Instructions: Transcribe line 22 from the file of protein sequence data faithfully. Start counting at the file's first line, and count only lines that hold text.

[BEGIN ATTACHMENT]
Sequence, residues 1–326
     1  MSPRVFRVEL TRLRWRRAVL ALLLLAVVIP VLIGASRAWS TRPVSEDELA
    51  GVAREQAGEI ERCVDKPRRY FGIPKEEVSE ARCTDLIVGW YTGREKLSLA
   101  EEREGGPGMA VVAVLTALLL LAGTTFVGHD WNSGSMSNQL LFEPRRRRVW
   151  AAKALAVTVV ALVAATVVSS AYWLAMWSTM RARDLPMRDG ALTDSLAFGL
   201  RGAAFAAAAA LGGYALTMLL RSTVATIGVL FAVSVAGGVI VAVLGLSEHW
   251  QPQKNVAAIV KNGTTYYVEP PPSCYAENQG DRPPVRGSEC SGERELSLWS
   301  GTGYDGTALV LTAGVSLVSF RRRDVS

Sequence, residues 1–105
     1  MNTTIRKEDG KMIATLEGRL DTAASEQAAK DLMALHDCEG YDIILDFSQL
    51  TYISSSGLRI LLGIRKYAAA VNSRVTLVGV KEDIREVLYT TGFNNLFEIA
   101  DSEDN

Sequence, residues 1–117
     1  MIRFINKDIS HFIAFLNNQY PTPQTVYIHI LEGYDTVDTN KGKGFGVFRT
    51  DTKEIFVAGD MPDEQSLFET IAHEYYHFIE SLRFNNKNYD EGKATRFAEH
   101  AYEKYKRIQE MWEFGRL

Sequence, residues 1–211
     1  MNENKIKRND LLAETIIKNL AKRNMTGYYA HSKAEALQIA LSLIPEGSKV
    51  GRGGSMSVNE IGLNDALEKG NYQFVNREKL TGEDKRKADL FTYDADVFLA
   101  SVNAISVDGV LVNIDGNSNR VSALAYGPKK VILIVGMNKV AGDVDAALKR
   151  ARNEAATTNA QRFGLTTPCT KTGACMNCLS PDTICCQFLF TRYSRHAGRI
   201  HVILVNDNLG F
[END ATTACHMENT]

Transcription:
   201  HVILVNDNLG F